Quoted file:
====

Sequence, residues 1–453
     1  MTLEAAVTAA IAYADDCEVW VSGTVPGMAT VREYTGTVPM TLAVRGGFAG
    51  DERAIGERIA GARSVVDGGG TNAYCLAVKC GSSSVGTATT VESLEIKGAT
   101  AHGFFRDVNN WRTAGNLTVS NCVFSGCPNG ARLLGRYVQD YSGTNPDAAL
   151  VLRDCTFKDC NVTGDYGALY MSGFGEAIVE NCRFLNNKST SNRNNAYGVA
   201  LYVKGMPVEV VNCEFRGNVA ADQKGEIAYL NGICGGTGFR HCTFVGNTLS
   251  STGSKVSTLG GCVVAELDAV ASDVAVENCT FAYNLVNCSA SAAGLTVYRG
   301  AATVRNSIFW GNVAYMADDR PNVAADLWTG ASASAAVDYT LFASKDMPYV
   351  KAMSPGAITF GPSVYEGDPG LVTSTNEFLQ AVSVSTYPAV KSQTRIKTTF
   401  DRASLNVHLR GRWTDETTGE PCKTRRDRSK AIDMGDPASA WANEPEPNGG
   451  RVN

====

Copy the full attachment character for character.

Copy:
Sequence, residues 1–453
     1  MTLEAAVTAA IAYADDCEVW VSGTVPGMAT VREYTGTVPM TLAVRGGFAG
    51  DERAIGERIA GARSVVDGGG TNAYCLAVKC GSSSVGTATT VESLEIKGAT
   101  AHGFFRDVNN WRTAGNLTVS NCVFSGCPNG ARLLGRYVQD YSGTNPDAAL
   151  VLRDCTFKDC NVTGDYGALY MSGFGEAIVE NCRFLNNKST SNRNNAYGVA
   201  LYVKGMPVEV VNCEFRGNVA ADQKGEIAYL NGICGGTGFR HCTFVGNTLS
   251  STGSKVSTLG GCVVAELDAV ASDVAVENCT FAYNLVNCSA SAAGLTVYRG
   301  AATVRNSIFW GNVAYMADDR PNVAADLWTG ASASAAVDYT LFASKDMPYV
   351  KAMSPGAITF GPSVYEGDPG LVTSTNEFLQ AVSVSTYPAV KSQTRIKTTF
   401  DRASLNVHLR GRWTDETTGE PCKTRRDRSK AIDMGDPASA WANEPEPNGG
   451  RVN